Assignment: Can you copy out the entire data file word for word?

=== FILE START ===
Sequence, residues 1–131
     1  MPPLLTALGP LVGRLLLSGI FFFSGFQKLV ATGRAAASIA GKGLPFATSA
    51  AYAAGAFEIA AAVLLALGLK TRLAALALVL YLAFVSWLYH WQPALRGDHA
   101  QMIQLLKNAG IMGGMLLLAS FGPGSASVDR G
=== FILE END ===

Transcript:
Sequence, residues 1–131
     1  MPPLLTALGP LVGRLLLSGI FFFSGFQKLV ATGRAAASIA GKGLPFATSA
    51  AYAAGAFEIA AAVLLALGLK TRLAALALVL YLAFVSWLYH WQPALRGDHA
   101  QMIQLLKNAG IMGGMLLLAS FGPGSASVDR G